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1966 Ford Mustang - Project update - Precision Car Restoration

1966 Ford Mustang – Project update

We are really getting our hands dirty with the restoration of this 1966 Ford Mustang.  This classic has been in the family from the day it rolled off the lot.  Even though this old Mustang looks in tact, it will be receiving some substantial metal work. We are going to keep the original Tahoe Turquoise paint with the black bucket seats and carpet.




1966 Ford Mustang




The Mustang will receive new Dynacorn quarter panels, fenders, hood, inner fender aprons, front frame rails, grill, and trim. 


1966 Ford Mustang engine


This old six cylinder is still running strong,  so we will re-seal, clean, and detail the entire engine compartment.  This classic Mustang is going to be completely re-wired to ensure a safe and reliable electrical system.


The stock AM radio will be converted to an AM/FM with MP3 and amp outputs and new speakers for a modern sound system.


We are making progress on this Classic Mustang and we will be posting some updates soon.  Be sure to like us on Facebook and Twitter and check back to see the progress.



We’ll the old Mustang is comming apart.  The drive train has been removed and we we are going to reseal and repaint the engine. The engine was still running pretty well, but was leaking from about all of the seals and gaskets.  You can watch the engine come out with ease in a stop motion video posted on our YouTube channel.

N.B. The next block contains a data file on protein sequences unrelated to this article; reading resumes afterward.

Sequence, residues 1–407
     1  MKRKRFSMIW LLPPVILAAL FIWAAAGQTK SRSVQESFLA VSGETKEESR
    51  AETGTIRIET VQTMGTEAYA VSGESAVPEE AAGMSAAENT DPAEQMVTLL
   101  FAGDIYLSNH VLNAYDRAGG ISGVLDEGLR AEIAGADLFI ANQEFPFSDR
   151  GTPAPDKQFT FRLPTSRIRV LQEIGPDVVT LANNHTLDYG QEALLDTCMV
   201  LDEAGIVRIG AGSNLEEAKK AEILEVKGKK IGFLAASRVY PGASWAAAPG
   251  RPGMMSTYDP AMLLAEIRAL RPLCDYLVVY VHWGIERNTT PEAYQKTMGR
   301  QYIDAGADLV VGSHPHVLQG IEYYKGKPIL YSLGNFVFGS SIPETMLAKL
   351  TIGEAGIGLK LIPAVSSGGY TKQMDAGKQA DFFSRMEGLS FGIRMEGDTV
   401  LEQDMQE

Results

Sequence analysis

The engine has been removed and we can clearly see the reasons why the frame rails will need to be replaced.  These frame rails are not only rusting on the outside they are rusting from the inside out.  An older attempt at a repair is now clearly visible when the engine is out of the way.


1966 Ford Mustang frame rail and apron rusting apart


 Although this old Mustang looked pretty nice to walk up on,  The fenders showed some signs of old repairs and rust.  The new Dynacorn sheet metal will be used for a more economical repair.  This old Ford has a couple good examples of low quality repairs.  Although the upper portions of the fenders have a fresher coat of paint, the bottom sides have never been touched. 


The top has been painted but repairs below the molding were never made.


Keep checking the blog to watch the progress on this classic Mustang.  I will take you through each step as we replace these frame rails, floor pans and quarter panels.



We have completed a lot of work since the last update.   The body has undergone some serious changes.  The shell was completely striped and sand blasted, then etch primed and sealed.  From here we are starting to remove the quarter panels.  The quarters had been previously patched and we can offer a better repair by replacing the entire quarter.

After stripping a vehicle to this point there are always hidden areas that are hard to see untill it is completely stripped.  Although we knew of most of it going in a few areas popped up on us.

Were starting off with replacing the quarters, wheel houses, and truck drops.  We’ll remove these old panels first, and fit the new sheetmeal all at once.  This allows us to see how well our aftermarket parts are fitting.  This is the perfect time to modify and and shape the metal rather than after everything is done.

1966 Mustang waiting for etch primer and sealer


1966 Mustang with the firewall sand blasted


1966 Mustang,  the quarters were left unstripped as we will be removing them.

1966 Mustang have the quarter trimmed off

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